Grönt Te is simply Swedish for Green tea and you’ll be wondering what on earth are we doing with tea on Malt? Yes, some were surprised that our non-alcoholic week earlier this year somehow managed to lack a tea article. I promise we’re putting that right for later in 2020, as I’m a big fan of a cuppa.

There is nothing more relaxing than sitting down with a fine tea and a book, or slice of vinyl and letting modern life drift away. A fine tea is very much that catalyst. The Japanese have their own art form when it comes to tea and us Brits prefer a big mug and robust flavours. However, many of us are partial to both worlds and the universe of tea.

To celebrate Angela D’Orazio’s, Mackmyra’s Master Blender, induction into Whisky Magazine’s prestigious Hall of Fame (yes, someone must still read it), the distillery gave her carte blanche for a future release. This transpired into what we have in front of us today.

Immediately you can hear the powerbrokers at the Scotch Whisky Association exclaiming this isn’t Scotch. By their methodology that would indeed be the legal perspective. However, all I’ll say is I’ve written tea or tea leaves in my tasting notes more often than tequila: and look where that got us?

I’m happy to state that I believe Angela D’Orazio is my favourite Master Blender out there right now, not only for the products she delivers, but also, she has the freedom that many can only aspire to have. Yes, I’m saying the big names such as Gordon ‘Viking’ Motion, Richard ‘The Tan’ Paterson, John ‘Clynelish’ Glaser and their ilk. I’d happily wager she’d outdo such illustrious names with their own tools and inventory. But this isn’t a competition. Angela has a range of casks, ingredients and maturation conditions to showcase what whisky can achieve.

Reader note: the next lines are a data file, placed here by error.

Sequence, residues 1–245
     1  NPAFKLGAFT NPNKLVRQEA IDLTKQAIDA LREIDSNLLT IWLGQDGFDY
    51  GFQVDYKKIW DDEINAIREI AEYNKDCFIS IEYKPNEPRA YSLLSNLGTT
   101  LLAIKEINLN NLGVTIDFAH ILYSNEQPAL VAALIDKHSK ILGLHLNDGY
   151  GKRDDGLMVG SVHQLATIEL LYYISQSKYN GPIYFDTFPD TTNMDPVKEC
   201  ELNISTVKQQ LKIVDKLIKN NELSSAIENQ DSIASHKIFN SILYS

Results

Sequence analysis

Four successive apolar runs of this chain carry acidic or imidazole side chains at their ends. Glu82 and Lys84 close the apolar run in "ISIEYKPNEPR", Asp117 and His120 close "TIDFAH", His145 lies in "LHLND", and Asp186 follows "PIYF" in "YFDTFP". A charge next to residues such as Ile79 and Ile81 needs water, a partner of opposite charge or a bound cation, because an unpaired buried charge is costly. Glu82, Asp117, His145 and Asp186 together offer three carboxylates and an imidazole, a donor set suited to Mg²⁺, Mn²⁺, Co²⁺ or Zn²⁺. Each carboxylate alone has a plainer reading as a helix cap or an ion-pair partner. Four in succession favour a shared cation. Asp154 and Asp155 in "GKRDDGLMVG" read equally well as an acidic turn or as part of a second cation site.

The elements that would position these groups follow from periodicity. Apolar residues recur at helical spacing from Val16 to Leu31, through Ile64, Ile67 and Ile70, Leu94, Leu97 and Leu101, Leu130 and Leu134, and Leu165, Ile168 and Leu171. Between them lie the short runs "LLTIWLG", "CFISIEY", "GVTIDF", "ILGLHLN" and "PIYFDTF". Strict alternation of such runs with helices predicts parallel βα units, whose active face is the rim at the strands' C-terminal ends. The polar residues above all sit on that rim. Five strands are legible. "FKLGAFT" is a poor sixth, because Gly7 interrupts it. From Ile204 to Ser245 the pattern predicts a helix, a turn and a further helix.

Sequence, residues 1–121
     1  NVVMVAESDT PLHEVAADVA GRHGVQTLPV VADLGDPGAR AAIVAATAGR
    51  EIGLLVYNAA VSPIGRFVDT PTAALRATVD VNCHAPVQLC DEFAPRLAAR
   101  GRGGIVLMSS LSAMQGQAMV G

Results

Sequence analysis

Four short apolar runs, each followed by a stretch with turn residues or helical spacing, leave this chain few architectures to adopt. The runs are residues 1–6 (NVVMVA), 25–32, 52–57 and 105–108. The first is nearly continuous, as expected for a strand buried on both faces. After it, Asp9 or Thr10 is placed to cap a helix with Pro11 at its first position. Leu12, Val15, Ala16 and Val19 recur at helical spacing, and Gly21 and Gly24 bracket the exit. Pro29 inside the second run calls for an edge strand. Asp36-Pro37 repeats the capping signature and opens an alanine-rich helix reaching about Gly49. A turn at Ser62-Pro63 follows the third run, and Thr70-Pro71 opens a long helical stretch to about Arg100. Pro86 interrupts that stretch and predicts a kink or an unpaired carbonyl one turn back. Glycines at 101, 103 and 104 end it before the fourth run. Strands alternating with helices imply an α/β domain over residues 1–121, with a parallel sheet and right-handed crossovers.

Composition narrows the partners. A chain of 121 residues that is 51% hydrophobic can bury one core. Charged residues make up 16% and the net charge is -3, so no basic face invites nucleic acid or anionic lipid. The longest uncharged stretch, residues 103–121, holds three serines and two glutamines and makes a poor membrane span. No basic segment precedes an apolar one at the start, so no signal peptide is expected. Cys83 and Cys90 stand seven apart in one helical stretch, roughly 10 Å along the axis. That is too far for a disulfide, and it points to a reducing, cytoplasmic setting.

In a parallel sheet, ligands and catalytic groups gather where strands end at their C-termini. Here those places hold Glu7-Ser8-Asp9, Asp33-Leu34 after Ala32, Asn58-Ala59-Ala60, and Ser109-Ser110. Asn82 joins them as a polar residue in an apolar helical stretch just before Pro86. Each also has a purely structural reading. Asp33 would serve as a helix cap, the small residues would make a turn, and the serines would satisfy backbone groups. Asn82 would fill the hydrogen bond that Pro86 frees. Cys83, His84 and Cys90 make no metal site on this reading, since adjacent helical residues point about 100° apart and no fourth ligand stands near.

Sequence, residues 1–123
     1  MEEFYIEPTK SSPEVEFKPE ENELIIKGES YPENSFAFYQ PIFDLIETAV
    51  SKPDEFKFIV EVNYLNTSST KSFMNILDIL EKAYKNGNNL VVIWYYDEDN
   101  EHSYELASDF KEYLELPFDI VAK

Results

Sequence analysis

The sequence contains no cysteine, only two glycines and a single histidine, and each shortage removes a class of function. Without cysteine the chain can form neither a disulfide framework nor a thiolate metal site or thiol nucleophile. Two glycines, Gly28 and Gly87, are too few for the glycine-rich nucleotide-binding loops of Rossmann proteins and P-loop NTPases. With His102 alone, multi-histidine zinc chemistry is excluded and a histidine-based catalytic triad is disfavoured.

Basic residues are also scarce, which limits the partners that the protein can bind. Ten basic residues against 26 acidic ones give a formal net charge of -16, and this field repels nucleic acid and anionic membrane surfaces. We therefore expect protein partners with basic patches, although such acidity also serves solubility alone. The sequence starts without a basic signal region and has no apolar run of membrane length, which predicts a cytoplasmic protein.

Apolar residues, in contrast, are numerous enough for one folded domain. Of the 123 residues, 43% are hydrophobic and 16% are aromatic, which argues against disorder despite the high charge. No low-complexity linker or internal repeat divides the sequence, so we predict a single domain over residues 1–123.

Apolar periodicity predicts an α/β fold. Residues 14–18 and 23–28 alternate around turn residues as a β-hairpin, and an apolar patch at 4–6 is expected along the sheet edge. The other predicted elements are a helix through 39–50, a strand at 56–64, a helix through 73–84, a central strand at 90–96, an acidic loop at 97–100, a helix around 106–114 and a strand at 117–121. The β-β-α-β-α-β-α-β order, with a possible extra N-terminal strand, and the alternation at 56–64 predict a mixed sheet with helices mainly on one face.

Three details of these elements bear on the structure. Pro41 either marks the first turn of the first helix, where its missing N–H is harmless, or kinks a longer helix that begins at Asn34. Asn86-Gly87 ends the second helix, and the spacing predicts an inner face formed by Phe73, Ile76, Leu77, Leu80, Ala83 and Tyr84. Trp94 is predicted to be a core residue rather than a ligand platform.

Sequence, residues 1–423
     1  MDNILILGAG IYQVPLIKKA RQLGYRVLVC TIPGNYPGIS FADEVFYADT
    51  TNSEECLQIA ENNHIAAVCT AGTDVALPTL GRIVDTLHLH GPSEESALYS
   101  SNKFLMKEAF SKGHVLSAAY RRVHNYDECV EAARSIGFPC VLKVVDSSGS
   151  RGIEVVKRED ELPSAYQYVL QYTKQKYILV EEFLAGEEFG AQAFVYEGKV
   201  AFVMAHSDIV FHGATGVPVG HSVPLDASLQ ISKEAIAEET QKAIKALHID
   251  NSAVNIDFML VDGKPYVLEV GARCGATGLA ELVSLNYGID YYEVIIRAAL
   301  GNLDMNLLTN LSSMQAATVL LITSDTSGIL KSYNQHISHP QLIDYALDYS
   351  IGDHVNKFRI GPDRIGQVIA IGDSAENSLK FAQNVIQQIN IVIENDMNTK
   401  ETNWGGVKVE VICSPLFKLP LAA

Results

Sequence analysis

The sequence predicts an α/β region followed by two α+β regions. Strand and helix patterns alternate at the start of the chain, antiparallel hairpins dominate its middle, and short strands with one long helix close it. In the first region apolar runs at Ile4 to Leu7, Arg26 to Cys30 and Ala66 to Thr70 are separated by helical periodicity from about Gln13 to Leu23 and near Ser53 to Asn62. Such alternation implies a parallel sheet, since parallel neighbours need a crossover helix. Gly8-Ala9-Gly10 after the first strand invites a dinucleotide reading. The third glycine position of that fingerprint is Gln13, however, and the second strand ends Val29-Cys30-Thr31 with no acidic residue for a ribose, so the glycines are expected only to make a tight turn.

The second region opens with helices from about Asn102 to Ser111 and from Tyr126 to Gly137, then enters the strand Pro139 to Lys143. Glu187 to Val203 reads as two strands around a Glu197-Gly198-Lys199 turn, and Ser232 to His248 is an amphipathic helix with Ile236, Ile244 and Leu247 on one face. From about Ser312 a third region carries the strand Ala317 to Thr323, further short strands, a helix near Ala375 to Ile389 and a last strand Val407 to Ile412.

I was interested in this release from a new experience point of view and was set to purchase it when the Summerton Whisky Club announced it as a last-minute replacement. Ideal, I thought. You can purchase the Grönt Te via Master of Malt for £52.95 if you’re looking for a similar experience without joining a whisky club.

Meanwhile, during all of this, I was contacted via Mackmyra via my Instagram account about joining their influencer program. My views for stories and whatever would be tracked by their software and any rewards thereafter distributed. Of course, I refused such an offer. My interest in this release was genuine and doesn’t need to be oiled by the promise of money. I replied kindly turning down their offer and asking that any influencers who did make posts about the Grönt Te, did so in a very open and transparent manner.

Incentives are another fabrication of advertising. Creating content that wouldn’t necessarily be created or delivered. Arguably, prompting a more favourable review or outlook from the host who may have very little or no experience of Mackmyra, or whisky.

I do find it very interesting that a distillery such as Mackmyra has to resort to such things. Perhaps it is the novelty of being a Swedish whisky, or the green tea aspect specifically here? However, I know what they can produce and have poured a release at a tasting I hosted in London a couple of years ago now. Such influencer incentives I’d argue, actually damage the brand and diminish the respect that potentially you or I, have for it.